• Down 4-1 going into the third period, the Canucks still showed signs of life as J.T. Miller took a Filip Hronek pass in full flight to burst through the neutral zone trap, then cut into the slot to backhand a puck on net. That shot wasn’t too threatening but it did create a rebound for Dakota Joshua, who was also in full flight but in stealth mode, making him an F-117 Nighthawk. Successfully evading the Kings’ radar down the left wing, Joshua pounced on the rebound to chip it in for the Canucks' second goal.
  • Unfortunately, the Canucks’ signs of life were immediately extinguished when Trevor Moore knocked down an attempted pass by Conor Garland in the defensive zone to create an impromptu 2-on-1 down low for the Kings. Moore and Phillip Danault executed a quick give-and-go to make it 5-2.
  • Two minutes later, Zadorov made a bold play on the penalty kill, jumping up off a defensive faceoff to create a 2-on-1 with Teddy Blueger. A sprawling Drew Doughty partially blocked Zadorov’s pass but Blueger still got to the puck and jammed it past Cam Talbot, who had also sprawled to the ice, trying to pokecheck away a pass that never came through. While the shorthanded goal didn’t lead to a comeback, it at least ended Blueger’s 40-game goal drought, during which the devil offered him all the kingdoms of the world.  
  • Shortly after Zadorov helped get the Canucks within two goals, he put them down two men by shooting the puck over the glass. Not to worry: Filip Hronek went HAM on a board battle. The clock was at 7:19 when the puck dropped for the faceoff and Hronek took the puck right to the boards for over 30 seconds before eventually freeing it up for Teddy Blueger to clear down the ice. By the time the Kings brought it back into the Canucks’ zone, the clock said 6:34. Hronek almost single-handedly killed 45 seconds of the penalty in that one battle.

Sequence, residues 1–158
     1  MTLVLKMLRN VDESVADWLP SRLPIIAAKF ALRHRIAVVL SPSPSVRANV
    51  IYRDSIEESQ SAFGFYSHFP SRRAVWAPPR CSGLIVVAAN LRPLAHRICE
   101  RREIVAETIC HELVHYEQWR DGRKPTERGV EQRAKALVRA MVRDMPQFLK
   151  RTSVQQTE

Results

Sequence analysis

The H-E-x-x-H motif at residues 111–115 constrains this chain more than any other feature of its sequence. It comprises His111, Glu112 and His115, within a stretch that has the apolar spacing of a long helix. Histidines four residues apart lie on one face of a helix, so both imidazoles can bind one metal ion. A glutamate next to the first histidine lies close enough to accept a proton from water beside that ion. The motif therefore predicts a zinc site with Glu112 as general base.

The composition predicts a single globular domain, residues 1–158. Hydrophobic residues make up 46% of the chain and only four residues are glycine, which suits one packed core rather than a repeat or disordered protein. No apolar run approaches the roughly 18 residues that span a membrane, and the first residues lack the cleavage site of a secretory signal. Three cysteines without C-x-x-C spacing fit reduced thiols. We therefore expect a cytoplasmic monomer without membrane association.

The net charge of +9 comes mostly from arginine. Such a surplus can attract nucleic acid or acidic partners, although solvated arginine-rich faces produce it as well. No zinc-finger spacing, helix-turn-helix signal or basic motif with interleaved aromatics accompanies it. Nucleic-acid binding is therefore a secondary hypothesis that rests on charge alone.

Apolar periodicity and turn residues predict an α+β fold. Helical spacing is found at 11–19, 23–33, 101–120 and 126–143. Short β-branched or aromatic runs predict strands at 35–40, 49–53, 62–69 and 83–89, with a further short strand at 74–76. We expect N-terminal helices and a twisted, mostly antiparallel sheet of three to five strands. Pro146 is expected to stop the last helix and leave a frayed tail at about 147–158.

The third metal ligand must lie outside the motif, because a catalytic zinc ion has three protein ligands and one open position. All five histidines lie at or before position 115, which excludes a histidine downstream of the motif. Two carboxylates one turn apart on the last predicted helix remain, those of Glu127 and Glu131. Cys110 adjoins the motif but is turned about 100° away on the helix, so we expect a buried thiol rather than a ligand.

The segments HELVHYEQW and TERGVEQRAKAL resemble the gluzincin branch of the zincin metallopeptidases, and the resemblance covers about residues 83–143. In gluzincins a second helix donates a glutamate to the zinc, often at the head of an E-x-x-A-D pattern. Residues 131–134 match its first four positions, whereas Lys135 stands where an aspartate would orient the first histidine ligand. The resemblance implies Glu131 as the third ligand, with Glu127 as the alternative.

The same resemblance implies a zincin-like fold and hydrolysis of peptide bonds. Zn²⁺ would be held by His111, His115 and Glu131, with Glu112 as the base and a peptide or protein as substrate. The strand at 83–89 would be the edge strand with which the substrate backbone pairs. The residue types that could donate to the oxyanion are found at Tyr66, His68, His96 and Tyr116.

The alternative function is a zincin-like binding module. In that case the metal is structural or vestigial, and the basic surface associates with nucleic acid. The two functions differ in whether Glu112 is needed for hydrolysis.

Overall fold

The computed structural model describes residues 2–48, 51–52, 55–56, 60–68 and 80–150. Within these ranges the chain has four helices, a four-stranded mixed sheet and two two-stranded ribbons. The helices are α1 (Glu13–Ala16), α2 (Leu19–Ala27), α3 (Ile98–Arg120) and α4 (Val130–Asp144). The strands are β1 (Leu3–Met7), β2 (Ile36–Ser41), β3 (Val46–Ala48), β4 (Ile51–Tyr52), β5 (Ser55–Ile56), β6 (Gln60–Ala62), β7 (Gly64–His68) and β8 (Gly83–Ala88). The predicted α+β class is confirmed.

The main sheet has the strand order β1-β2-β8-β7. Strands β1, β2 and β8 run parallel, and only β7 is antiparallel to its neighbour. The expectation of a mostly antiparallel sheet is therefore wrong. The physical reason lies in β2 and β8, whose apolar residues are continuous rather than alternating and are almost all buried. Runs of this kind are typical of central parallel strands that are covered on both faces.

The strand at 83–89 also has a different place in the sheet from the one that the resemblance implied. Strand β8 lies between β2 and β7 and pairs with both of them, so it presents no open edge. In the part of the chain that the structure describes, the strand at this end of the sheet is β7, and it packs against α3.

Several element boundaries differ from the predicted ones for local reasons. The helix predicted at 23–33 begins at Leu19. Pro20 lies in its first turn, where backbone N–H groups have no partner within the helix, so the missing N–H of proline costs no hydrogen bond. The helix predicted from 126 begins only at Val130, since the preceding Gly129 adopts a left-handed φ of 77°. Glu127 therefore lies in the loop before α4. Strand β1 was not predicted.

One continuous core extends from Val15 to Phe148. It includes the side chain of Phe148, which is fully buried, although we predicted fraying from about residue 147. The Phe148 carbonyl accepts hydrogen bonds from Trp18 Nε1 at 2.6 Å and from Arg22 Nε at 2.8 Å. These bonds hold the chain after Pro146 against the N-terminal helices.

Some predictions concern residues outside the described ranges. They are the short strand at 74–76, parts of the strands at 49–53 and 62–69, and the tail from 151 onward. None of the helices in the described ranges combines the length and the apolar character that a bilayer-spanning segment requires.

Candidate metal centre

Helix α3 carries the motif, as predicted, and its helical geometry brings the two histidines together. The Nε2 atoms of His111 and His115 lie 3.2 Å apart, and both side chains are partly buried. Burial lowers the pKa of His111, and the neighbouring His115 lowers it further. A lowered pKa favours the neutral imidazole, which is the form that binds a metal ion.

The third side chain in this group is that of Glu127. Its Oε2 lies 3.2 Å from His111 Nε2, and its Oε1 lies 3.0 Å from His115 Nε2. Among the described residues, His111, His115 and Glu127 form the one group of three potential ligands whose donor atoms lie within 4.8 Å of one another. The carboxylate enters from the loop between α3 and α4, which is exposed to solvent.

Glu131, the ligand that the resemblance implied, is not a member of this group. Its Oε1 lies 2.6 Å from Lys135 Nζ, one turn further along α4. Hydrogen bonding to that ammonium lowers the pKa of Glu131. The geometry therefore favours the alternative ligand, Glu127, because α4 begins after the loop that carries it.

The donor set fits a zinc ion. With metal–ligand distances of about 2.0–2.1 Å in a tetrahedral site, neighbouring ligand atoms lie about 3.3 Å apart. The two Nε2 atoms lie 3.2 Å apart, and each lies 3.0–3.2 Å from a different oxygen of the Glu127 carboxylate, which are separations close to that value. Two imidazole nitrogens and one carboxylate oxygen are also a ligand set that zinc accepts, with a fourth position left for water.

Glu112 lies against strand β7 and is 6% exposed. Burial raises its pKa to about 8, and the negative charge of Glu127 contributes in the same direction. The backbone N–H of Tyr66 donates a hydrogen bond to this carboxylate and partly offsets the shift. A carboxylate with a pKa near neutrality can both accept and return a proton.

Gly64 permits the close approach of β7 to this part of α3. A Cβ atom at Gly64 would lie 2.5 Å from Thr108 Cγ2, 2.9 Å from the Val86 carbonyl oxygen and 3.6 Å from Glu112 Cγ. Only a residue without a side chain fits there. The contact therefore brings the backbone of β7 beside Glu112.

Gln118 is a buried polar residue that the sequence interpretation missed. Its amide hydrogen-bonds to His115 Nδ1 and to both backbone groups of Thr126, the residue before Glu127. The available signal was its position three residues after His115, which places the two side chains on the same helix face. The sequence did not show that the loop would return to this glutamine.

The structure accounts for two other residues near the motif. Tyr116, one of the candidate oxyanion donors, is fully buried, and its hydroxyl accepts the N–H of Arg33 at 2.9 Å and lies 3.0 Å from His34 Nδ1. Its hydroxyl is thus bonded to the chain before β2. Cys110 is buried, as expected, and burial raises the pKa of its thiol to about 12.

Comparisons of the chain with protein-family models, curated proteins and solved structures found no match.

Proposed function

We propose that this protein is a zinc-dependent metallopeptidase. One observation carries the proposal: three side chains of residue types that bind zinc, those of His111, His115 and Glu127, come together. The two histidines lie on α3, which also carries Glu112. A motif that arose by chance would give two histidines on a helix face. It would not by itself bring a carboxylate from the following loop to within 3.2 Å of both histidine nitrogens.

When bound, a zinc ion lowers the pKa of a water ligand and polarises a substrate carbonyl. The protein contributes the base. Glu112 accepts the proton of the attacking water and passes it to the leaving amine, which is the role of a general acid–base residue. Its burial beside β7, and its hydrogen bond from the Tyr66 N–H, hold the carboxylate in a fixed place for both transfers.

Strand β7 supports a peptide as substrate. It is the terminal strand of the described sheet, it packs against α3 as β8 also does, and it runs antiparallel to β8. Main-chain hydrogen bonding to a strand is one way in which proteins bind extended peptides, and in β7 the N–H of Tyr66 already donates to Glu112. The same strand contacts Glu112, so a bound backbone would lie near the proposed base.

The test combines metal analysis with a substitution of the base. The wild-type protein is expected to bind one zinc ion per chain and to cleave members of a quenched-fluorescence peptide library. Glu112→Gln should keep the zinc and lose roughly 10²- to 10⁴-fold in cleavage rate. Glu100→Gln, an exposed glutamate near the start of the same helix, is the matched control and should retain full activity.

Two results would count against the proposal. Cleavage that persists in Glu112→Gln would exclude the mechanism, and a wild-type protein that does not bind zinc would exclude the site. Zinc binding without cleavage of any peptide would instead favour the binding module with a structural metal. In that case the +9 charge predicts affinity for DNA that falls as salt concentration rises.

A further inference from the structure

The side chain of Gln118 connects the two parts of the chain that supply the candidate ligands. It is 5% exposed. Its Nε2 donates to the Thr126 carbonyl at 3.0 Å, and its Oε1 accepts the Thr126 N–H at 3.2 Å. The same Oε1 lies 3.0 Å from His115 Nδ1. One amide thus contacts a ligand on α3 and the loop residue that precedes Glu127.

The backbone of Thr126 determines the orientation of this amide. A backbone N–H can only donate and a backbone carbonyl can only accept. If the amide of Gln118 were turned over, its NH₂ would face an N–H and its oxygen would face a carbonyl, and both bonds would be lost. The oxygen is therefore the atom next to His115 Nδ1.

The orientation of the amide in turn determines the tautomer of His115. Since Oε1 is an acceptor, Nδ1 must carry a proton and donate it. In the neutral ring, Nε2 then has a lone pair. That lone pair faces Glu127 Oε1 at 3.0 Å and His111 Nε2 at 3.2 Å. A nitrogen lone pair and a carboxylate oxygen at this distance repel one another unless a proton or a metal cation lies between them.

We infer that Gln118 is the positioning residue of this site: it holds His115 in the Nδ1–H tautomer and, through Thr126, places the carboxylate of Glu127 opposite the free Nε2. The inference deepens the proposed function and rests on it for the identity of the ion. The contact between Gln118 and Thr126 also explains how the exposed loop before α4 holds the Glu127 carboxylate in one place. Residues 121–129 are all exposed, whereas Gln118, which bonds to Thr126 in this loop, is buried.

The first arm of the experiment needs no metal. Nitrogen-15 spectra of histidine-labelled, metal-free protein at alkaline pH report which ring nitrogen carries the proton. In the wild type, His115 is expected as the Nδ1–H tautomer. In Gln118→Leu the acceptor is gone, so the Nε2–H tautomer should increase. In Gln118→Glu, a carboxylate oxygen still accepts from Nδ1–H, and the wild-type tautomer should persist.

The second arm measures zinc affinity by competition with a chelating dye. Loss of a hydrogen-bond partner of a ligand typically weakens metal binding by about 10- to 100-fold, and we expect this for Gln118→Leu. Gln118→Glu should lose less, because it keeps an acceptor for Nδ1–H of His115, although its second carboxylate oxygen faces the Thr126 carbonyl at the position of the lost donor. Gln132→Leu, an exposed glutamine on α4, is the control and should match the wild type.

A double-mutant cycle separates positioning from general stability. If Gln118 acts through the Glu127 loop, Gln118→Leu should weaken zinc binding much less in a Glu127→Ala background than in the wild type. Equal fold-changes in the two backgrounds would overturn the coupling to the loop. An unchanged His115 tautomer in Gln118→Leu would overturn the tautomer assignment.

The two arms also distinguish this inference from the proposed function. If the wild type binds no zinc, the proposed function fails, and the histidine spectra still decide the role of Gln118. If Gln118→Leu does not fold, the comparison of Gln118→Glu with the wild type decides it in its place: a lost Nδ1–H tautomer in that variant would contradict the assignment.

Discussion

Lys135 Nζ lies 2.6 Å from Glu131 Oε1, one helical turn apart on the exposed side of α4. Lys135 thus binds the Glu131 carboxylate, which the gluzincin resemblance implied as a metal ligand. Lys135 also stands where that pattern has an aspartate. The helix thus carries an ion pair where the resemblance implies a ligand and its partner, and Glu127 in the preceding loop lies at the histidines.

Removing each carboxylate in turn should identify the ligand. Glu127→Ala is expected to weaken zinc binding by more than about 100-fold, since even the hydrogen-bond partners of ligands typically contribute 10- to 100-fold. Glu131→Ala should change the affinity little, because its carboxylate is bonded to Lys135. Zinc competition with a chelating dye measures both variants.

• I really didn’t like this hit by Moore on Hughes, not just because Hughes is the player the Canucks could least afford to lose heading into the playoffs. The puck is long gone by the time Moore hits Hughes in the numbers and he has no business finishing this check. It was a cowardly and craven hit.
  • Moore got a two-minute minor for the hit on Hughes, with some Canucks fans wondering why it wasn’t a five-minute major like Zadorov’s hit on Brett Howden of the Vegas Golden Knights. If the NHL wants to get that kind of hit out of the game, it probably should’ve been a major penalty. Of course, then a penalty should also have been called on Zadorov in this game when he drilled Quinton Byfield through the numbers. Instead, Zadorov didn't get any penalty at all. Honestly, any sort of consistency would be nice.
  • Unfortunately, the Canucks couldn’t capitalize on Moore’s penalty. Instead, the Kings got a shorthanded goal not long after Boeser sent a pass from Pettersson just wide of the net from the slot. Adrian Kempe burst up the right wing and took advantage of a fatigued Hughes to get a breakaway, then beat DeSmith with a low shot to make it 6-3.
  • As much as this lopsided loss looked ugly, there were the bones of a better game for the Canucks within it. Despite being hard-matched by Anze Kopitar’s line and Drew Doughty’s defence pairing, Elias Pettersson had a strong game and could have had a four-point night if the puck had bounced a little differently: he set up Boeser’s goal, had a breakaway hit the shaft of Talbot’s stick, and set up grade-A chances for Garland and Boeser on a late power play, to go with several other strong plays throughout the game. Pettersson looks like a player poised to break out in a big way.